Loneliness comes in various guises. Sometimes you want to connect, to talk with somebody. Desperately wanting to know someone is willing to talk with you. Sometimes it’s that ache of needing to be hugged, because it’s been so long. Other times it’s just wanting a laugh and forgetting you live half of your life inside your own head. It’s knowing you don’t have a friend to tag in giveaways on Twitter, won’t need an extra seat, and second guessing every damn decision you make.
I remember feeling the loss when I was rejected by friends as a seven-year-old. Friends that thought I was a little bit strange, intense, overzealous. For me it is ingrained now, loneliness. I find my own solutions, sometimes through poetry, and other times good old Google helps me out.
Does technology make us more or less likely to be lonely? I don’t know.
It is different for everybody. I didn’t grow up with technology the likes we have now. I remember tapes and VHS and floppy discs and the house phone. When I begin to use the internet in my late teens I found community and people that I could engage with. It’s incredibly easy to talk to people online when you aren’t so used to it offline. Which is where I have to say it’s about balance. If life offline is OK then it’s much easier to regulate what you are doing online. You won’t be vulnerable to coming into contact with that disease called scroll and compare.
The listings below are literary magazines/journals that specifically focus on the artists and writers in the LGBTQ+ community. There are many other literary magazines that support LGBTQ+ contributors. For a more general list of all-inclusive/feminist lit mags, check out my list here: Feminist Lit Mags and Journals.
These literary magazines/journals are listed alphabetically; some are currently accepting submissions, some are temporarily closed. I’ve also included whether or not it is a paying market in the notes column. These lit mags/journals also fit the following criteria:
Generally do not charge fees to submit (although some may charge fees for some types of submissions and for contests).
They accept poetry submissions.
All accept electronic submissions.
If you have suggestions for lit mags/journals I’ve missed, please contact me here or leave a comment below.
I can happily promote a blog post, but the idea of shouting about a book that I have written SCARES THE HELL OUT OF ME!
Below is me in cat form being told I will need to promote my book.
Book promotion feels like a different ball game to me.
Now, before I begin this post, please remember I am new to this. This is not a definitive guide to book promotion. I am at the start of my book journey. This will feel basic to some of you seasoned authors and I do apologise in advance. As I keep telling myself we all have to start somewhere.
I am a blogger and I feel a duty to share my experiences and hopefully someone somewhere will get some courage to do what I’ve done.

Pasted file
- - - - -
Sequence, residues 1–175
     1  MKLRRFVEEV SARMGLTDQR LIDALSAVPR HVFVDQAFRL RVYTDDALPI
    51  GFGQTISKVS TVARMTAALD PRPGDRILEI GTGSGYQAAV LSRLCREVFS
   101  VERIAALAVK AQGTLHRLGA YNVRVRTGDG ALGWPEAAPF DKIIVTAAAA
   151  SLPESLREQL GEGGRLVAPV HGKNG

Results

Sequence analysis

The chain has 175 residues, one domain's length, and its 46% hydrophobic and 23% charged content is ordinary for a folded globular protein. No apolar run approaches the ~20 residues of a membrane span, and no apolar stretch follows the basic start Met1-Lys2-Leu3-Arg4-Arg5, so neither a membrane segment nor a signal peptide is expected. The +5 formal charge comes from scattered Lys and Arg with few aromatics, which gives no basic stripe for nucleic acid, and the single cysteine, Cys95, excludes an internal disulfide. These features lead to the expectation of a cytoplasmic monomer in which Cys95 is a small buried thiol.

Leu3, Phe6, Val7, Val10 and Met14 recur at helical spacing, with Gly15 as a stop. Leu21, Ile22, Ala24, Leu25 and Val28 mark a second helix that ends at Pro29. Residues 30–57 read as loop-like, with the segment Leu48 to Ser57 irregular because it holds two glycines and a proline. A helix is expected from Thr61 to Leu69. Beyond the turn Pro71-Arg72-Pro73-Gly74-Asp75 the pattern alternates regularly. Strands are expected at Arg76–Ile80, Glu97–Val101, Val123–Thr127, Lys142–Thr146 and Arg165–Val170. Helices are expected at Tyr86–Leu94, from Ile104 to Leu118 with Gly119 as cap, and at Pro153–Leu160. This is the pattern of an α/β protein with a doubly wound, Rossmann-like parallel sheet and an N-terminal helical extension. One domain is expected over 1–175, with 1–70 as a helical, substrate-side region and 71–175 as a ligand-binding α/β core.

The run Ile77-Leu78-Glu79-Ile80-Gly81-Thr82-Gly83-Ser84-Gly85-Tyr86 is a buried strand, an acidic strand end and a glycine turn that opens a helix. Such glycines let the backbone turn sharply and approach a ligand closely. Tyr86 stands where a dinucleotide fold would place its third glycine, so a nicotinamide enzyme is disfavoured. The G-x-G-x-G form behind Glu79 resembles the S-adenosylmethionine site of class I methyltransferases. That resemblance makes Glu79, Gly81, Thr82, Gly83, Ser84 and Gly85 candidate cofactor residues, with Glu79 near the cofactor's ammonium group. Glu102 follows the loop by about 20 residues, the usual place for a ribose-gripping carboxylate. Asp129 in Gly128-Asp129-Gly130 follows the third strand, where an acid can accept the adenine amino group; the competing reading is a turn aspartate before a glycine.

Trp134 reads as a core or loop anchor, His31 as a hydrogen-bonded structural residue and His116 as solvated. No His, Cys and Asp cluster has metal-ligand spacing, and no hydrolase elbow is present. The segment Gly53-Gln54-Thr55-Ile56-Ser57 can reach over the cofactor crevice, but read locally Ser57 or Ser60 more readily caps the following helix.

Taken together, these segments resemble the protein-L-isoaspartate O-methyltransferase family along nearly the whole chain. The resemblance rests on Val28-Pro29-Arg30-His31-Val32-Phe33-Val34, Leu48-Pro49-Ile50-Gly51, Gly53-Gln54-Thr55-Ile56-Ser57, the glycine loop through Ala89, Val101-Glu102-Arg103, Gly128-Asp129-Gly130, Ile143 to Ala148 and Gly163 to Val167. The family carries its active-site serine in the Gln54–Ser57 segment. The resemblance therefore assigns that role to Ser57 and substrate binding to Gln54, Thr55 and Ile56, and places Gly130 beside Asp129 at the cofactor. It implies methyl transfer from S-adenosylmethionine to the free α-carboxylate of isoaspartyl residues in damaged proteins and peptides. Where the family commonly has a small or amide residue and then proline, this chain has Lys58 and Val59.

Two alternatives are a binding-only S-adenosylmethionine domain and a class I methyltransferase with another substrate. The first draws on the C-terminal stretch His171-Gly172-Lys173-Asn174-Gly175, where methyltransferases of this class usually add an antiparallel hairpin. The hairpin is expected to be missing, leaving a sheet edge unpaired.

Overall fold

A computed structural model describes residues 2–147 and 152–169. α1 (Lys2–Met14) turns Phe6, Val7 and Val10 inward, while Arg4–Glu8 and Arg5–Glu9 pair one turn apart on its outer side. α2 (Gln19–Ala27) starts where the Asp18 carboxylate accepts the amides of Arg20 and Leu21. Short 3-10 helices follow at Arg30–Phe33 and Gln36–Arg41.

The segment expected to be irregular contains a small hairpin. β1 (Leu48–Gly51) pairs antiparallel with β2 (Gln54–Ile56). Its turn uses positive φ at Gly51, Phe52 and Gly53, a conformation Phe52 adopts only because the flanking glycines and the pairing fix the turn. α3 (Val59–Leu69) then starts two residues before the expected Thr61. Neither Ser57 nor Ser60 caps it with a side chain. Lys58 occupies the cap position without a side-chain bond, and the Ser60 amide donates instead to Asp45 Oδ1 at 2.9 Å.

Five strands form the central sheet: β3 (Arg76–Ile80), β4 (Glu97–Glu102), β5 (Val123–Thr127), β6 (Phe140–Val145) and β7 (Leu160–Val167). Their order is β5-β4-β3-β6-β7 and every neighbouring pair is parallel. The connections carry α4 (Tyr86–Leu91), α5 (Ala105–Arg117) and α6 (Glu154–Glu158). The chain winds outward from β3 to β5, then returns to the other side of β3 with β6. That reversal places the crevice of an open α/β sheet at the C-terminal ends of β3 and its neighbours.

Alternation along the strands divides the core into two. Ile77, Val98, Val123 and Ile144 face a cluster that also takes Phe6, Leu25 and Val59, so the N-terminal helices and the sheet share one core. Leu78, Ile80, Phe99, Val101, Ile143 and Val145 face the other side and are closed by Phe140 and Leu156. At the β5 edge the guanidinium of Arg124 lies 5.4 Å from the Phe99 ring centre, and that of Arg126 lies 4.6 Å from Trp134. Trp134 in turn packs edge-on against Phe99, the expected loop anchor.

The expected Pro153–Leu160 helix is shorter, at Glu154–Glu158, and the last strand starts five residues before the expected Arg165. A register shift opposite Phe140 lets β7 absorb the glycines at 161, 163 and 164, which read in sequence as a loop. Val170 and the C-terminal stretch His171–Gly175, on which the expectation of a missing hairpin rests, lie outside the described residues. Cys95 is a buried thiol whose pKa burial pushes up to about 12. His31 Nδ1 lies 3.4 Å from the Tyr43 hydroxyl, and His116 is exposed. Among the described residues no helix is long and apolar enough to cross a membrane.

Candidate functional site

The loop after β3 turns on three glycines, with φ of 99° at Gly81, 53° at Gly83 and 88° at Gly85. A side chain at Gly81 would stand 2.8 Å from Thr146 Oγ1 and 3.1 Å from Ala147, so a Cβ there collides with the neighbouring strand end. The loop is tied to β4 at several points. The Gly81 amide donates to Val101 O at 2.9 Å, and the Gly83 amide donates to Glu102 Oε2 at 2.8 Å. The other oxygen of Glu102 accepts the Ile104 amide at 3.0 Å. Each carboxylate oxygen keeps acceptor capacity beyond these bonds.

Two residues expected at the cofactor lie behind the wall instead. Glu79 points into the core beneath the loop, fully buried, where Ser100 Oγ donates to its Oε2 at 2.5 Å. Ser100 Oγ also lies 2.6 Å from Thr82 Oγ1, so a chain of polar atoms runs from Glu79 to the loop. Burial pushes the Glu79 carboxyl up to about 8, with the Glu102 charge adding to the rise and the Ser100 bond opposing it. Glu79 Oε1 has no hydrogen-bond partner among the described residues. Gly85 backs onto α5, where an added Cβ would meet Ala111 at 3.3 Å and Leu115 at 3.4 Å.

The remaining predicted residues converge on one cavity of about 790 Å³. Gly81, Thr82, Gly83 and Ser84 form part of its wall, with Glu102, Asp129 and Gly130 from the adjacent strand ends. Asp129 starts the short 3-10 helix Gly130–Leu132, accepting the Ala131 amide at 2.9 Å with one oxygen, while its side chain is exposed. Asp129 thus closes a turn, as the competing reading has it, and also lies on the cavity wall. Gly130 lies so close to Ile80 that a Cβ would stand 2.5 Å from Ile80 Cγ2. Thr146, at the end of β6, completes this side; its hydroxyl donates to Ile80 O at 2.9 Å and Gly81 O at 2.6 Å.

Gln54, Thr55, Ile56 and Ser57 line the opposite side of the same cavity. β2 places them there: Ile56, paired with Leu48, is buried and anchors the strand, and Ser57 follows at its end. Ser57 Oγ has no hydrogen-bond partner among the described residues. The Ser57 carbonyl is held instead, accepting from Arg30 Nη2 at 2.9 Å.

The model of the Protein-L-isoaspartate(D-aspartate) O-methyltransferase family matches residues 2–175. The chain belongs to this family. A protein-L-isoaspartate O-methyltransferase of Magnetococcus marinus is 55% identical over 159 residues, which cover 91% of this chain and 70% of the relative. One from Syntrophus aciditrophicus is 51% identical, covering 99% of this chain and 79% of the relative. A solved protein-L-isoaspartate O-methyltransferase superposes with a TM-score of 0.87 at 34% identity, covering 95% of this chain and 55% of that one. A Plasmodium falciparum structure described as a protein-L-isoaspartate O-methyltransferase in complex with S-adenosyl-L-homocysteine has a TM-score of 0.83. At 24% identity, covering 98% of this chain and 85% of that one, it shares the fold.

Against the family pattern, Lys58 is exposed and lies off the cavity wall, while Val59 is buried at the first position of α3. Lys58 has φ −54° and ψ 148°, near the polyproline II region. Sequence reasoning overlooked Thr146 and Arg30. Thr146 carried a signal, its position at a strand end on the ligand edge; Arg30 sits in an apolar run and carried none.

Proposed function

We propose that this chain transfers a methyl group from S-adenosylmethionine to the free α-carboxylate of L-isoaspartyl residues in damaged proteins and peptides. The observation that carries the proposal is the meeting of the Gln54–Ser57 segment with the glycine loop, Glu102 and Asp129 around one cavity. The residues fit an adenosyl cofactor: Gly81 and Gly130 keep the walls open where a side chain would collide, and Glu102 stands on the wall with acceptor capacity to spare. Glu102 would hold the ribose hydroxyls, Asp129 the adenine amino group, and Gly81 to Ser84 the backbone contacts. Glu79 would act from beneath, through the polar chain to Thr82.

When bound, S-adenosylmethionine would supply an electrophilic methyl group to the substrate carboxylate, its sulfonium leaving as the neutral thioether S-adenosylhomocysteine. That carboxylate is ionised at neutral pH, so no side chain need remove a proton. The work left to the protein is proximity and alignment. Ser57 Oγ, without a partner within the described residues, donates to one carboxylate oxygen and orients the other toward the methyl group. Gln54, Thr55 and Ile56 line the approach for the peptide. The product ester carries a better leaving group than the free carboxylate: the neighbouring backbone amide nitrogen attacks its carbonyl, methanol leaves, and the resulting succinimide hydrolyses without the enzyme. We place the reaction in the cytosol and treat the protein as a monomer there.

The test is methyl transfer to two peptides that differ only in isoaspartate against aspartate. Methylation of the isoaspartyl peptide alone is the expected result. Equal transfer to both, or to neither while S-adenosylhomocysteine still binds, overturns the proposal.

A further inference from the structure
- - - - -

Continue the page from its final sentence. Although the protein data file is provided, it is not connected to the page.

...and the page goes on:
When I stopped drinking, it was the first fortnight which was the hardest – and the first few days were downright horrible. I remember walking from my house to the bookshop, which was about a mile away, feeling grim – but determined to see if I could get hold of a book on going sober (which turned out to be a really good idea). I was about day 3 in to my alcohol free adventure, and it felt like more of an ordeal than an adventure at that point. I came home, lay on my bed, shed a few tears of self pity and then opened up the book.
When you’ve been drinking pretty much every day – even if it is just half a bottle or a bottle of wine – your mind and body craves it. It takes a while for the alcohol to leave your system, so…
I have been blogging for a few years now. Blogging is an extension of my poetry. Why do I share my thoughts and feelings and experiences in my poetry and through my blog posts? Because I want to be heard. I want to believe in the strength of my voice. I want to connect. I feel poetry can be a hand held out to help somebody else up. I have depression and anxiety. It’s been some long years with these demons; understanding them, managing them, getting help for them. Having depression and anxiety, wanting to connect is important. Connection is vital. It makes you feel supported and a part of something. It makes you want to be alive. It gives you hope. Depression and anxiety might have coloured my past, but they will not rule over my present, or determine my future. I am fighting. When I write I am fighting. I am fighting feeling like an imposter, the stigma, the voice that says nobody cares about what you have to say, the labels.
I am becoming the person depression and anxiety tried to derail.
Your support would mean everything. I will be posting a poem here two or three times a week. I am working on several different books, so subjects will vary from mental health to travel and lifestyle. I will post poems from my current works in progress too.